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Remember, You Don't Owe Your Abusive Father a Father's Day Visit

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Editor's Note

If you’ve experienced sexual abuse or assault, the following post could be potentially triggering. You can contact The National Sexual Assault Telephone Hotline at 1-800-656-4673.

They used to call me his mini me. I had his deep dimples and looked like there was no question that he was my father. I liked that. I used to anyway.

I was a freshman in college and spring break was coming up. It was time to go home for the break. My parents wanted me home. They missed me. I sat on my friends’ bed in her dorm room and told her under no uncertain terms did I want to go home for break. She was confused by this.

She asked “What is so bad about home that you do not want to go there?” At that moment I blurted out that “My father is abusing me.” She was as shocked as I was at my response.

Far as I know, before that moment I was my father’s favorite and I believed he took good care of me. As the days followed I was inundated with memories of childhood sexual abuse.

I talked my parents into letting me go on break with my friend to her house. So, my going home was put off until summer.

I do not completely understand how repressed memories work. I just know one day I was not fully aware of my abuse (I knew growing up something was wrong and I needed help but I could not verbalize it) and then I was flooded. I took myself to the student counseling center and signed up with a counselor. She was nice and a good listener. They say you do not remember more than you can handle. I do not know who made up that lie.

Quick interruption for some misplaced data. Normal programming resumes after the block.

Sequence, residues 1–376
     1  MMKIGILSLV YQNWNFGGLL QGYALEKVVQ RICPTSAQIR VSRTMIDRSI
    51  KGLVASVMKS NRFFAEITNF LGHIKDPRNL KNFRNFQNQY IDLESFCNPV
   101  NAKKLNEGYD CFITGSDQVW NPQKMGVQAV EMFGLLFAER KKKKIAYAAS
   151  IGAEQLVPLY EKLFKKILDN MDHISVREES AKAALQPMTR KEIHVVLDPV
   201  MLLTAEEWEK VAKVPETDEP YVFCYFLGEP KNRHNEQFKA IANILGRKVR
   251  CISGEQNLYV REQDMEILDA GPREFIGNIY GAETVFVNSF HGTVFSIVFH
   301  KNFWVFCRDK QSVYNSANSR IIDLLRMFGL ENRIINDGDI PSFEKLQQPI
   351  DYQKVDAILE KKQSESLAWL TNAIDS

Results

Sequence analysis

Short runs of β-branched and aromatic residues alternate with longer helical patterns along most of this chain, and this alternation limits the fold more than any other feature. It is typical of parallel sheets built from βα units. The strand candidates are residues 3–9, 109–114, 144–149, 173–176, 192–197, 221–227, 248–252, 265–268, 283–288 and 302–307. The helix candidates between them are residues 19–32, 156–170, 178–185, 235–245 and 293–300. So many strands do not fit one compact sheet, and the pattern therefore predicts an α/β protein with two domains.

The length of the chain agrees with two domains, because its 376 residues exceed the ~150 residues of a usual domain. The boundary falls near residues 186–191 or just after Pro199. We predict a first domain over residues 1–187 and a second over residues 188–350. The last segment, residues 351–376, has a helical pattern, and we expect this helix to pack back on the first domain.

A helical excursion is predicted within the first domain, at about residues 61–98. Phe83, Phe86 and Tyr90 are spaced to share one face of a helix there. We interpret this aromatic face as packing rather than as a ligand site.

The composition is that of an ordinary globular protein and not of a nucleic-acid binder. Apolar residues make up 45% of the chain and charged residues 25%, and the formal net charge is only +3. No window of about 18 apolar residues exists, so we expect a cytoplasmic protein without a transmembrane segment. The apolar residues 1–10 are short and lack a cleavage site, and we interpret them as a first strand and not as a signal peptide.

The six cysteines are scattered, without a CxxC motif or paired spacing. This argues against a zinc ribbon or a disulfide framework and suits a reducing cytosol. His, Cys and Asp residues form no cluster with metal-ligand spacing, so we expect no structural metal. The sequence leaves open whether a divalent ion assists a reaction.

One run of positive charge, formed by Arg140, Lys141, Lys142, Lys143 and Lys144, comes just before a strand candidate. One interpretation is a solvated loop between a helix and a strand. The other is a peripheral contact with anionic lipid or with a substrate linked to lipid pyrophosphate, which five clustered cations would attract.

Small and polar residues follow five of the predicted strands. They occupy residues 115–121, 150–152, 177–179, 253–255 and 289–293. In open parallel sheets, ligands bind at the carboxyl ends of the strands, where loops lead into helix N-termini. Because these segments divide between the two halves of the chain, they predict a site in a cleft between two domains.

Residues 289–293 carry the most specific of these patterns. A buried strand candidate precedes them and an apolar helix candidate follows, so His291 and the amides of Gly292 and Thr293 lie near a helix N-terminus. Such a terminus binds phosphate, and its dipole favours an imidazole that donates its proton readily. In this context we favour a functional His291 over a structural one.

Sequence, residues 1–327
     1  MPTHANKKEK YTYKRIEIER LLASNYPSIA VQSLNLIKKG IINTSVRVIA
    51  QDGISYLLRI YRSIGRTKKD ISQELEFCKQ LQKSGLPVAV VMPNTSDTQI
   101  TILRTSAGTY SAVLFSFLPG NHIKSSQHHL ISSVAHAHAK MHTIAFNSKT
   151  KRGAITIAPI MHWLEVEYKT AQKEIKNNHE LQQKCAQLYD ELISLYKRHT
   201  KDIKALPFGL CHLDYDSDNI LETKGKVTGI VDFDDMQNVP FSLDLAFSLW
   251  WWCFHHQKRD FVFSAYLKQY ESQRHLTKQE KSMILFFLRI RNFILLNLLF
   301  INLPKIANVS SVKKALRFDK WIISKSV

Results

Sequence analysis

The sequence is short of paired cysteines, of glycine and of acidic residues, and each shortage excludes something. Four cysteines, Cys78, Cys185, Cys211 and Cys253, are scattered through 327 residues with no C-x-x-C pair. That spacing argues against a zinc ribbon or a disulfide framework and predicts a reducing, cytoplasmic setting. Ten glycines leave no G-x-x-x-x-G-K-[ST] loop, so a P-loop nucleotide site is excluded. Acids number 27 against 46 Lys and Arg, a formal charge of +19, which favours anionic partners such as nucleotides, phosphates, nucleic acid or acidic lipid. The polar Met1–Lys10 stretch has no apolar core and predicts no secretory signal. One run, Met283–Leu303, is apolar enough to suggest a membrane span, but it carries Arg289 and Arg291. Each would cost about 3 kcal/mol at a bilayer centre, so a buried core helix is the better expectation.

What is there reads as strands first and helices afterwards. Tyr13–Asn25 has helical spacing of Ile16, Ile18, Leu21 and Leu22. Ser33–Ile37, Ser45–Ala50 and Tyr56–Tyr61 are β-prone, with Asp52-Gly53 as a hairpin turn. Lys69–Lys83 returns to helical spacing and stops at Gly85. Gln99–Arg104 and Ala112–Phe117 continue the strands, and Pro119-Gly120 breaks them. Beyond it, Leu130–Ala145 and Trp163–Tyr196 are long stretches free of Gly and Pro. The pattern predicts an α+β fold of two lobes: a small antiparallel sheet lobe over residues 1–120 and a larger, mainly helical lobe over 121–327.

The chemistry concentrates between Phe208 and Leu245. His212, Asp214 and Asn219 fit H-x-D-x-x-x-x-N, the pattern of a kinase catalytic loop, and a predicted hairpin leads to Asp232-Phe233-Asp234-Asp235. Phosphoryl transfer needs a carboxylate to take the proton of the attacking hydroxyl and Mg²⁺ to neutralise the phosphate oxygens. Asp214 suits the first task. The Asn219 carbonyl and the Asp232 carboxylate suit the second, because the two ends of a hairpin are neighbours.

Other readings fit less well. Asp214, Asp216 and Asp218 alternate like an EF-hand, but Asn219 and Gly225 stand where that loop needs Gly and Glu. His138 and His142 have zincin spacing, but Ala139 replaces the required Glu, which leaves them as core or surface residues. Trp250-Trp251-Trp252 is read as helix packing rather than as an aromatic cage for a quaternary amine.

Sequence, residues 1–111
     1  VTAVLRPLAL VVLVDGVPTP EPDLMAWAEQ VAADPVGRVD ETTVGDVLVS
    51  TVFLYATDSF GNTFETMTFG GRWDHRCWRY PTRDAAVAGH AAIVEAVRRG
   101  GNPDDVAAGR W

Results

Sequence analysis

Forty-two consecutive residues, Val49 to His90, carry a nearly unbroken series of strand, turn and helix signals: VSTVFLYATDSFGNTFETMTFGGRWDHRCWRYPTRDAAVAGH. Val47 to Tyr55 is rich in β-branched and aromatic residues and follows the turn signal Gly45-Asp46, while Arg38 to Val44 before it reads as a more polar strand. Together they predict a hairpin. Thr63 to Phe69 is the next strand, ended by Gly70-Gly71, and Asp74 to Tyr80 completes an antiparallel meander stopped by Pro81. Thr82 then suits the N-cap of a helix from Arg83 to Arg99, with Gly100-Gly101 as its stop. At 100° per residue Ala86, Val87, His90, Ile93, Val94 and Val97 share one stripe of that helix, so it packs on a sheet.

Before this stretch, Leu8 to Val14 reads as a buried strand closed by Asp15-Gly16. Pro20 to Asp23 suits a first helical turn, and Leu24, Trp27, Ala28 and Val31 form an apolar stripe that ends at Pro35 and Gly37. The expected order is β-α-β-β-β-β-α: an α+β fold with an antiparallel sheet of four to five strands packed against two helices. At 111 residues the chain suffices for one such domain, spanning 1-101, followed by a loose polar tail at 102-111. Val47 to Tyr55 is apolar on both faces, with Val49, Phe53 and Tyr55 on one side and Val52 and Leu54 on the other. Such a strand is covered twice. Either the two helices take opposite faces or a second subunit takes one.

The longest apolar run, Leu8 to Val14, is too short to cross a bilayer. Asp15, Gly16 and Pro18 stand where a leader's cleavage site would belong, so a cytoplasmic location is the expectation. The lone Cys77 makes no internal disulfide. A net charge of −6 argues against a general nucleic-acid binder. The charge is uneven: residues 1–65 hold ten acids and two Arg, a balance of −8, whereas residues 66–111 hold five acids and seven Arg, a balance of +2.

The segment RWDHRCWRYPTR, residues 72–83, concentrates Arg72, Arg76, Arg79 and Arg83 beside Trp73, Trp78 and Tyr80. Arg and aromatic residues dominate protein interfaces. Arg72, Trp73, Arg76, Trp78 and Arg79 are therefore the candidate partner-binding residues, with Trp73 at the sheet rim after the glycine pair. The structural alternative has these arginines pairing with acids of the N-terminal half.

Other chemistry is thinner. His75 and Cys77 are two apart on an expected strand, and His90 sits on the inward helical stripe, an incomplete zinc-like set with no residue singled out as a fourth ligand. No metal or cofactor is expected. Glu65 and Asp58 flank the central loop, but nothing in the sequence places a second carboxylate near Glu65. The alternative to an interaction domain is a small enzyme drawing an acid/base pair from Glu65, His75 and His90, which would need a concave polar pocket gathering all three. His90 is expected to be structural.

Every year Father’s Day comes around and we all fall in line. The day is so commercialized that we all just buy a card, pick up a gift, give a visit or call and post his picture on Facebook with a few kind words. There are many dads that do not deserve such celebrations, but peer pressure is high to celebrate him, and he feels you are obligated to do so.

I do not celebrate Father’s Day. I love my dad and miss him very much, but he is toxic, a child molester and he tortured me for 20 years. I have not seen or spoken to him in 13 years, and it is the best thing I ever did for my mental health.

You do not have to feel obligated to celebrate a man who harmed you in any way. You can be brave enough to say no this year. Do not let society, your siblings or your mom guilt you into sending a card or making that visit. No one is owed any bit of your peace of mind. I understand how hard it is. I still made visits even after I remembered the abuse before I finally broke free. Your peace of mind should take precedence to all. You do not need to feel bad or obligated to put aside your feelings for the sake of someone else’s. You are important and deserve to take care of you and your inner child.

Find a father figure if you need one and celebrate them. If you are a single mom, celebrate yourself on Father’s Day.

Remember you owe no one.

Stay Mighty Strong!

Photo by Jazmin Quaynor on Unsplash

Originally published: June 4, 2021
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